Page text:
The Journal of Arthroplasty, Volume 35, Issue 4, 911 - 917

Do Medicare’s Patient–Reported Outcome Measures Collection Windows Accurately Reflect Academic Clinical Practice?

Molloy, Ilda B. et al.
Hip Knee

Background

The Comprehensive Care for Joint Replacement (CJR) mandates collection of patient–reported outcome measures (PROMs) for eligible total hip and total knee arthroplasty (THA and TKA) procedures during specific time periods that may not be attainable within routine academic practice.

Methods

We performed a retrospective analysis of prospectively collected PROM data from a 2017 cohort of primary THA and TKA patients who completed the Patient–Reported Outcomes Measurement Information System-10 global health survey in preoperative or postoperative time periods. The primary outcome was completion rates of Patient–Reported Outcomes Measurement Information System-10 per the CJR collection periods (90-0 days preoperative and 270-365 days postoperative) compared to an extended postoperative collection period of 270-396 days. Bivariate analysis and logistic regression were used to analyze the association between survey completion rates and patient characteristics.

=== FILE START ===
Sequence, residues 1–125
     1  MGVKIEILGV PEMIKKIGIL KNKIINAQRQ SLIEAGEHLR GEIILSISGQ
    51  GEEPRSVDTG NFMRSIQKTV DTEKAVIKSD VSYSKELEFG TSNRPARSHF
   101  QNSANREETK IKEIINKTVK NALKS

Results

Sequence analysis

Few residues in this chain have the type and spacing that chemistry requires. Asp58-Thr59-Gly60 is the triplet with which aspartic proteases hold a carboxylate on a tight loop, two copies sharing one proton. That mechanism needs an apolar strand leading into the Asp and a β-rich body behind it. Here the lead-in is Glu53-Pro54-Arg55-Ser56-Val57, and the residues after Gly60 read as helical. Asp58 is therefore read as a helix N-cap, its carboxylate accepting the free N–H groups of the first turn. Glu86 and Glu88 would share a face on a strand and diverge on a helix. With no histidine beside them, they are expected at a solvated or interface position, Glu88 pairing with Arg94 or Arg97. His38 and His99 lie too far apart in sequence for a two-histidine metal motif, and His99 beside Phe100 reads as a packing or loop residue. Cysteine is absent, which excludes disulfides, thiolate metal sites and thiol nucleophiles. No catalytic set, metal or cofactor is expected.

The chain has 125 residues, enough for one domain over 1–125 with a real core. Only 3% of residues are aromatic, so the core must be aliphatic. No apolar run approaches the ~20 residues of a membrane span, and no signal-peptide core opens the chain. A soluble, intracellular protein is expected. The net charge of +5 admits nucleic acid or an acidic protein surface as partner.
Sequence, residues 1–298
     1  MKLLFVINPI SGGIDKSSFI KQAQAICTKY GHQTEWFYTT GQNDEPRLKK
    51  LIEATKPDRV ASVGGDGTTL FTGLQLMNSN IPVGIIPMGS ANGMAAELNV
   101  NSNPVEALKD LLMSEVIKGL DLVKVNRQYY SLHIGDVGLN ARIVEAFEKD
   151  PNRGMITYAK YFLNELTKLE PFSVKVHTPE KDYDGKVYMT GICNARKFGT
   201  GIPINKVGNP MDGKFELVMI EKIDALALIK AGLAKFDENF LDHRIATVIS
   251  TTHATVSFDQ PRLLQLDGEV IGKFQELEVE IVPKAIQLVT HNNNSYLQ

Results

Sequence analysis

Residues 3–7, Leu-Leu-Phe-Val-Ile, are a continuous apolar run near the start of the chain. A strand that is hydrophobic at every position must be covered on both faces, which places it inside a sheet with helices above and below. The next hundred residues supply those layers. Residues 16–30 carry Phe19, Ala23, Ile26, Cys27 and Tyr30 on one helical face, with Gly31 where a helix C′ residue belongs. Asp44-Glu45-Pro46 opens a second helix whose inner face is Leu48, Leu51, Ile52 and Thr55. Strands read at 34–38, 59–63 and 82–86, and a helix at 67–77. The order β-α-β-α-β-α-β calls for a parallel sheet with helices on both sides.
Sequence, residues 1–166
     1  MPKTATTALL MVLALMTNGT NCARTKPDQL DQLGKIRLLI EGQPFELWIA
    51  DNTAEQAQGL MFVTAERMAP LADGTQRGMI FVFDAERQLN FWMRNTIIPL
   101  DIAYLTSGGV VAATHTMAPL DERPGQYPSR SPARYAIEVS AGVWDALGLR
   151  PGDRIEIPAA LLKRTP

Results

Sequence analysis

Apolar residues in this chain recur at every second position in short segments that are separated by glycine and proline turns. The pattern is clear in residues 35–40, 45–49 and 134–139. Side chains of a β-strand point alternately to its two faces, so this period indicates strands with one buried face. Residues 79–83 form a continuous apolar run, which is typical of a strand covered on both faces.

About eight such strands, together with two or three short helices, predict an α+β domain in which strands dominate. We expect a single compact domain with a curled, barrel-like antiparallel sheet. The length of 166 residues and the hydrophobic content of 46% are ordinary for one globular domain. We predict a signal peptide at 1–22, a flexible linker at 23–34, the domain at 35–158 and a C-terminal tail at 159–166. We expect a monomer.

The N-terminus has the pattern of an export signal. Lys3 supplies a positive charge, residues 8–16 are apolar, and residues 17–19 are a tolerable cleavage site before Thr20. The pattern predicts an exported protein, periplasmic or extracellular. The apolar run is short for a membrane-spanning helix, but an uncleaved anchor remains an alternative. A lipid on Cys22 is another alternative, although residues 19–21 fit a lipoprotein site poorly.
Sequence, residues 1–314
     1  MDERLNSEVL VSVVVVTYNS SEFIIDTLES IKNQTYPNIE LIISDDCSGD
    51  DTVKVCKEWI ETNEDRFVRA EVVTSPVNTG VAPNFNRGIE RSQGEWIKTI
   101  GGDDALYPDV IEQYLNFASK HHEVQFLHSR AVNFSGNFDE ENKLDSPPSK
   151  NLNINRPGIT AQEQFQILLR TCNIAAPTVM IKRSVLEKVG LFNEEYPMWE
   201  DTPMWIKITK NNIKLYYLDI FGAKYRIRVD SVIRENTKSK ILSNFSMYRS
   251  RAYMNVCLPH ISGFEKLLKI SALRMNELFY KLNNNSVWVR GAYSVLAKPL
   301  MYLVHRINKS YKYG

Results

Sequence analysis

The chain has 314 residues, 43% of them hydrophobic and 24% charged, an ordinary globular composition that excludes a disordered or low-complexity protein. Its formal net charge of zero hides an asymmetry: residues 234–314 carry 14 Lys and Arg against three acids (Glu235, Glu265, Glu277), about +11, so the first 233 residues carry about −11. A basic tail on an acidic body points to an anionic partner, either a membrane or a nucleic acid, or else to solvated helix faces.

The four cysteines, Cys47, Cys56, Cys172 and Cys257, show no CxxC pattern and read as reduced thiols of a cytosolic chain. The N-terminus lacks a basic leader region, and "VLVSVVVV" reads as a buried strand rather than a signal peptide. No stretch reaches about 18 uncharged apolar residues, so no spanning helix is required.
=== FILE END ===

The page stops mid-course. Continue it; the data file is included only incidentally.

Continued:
Results

Of the 860 primary THAs and TKAs in 2017, 725 (84.3%) had preoperative surveys completed 90-0 days before surgery. Among the 725 patients, 215 (29.7%) completed postoperative surveys within the CJR timeline of 270-365 days. Completion increased by 120 additional surveys (+16.5%) in the additional postoperative time period of 270-396 days ( P < .001). No patient or procedural factors significantly correlated with a higher likelihood of postoperative PROM completion ( P > .05 for all covariates).

Conclusion

In an academic clinical practice, completion rates of postoperative PROMs as part of routine clinical practice within the CJR mandated period was low for THA and TKA patients. CJR may consider additional time beyond 365 days to improve PROM completion rates.

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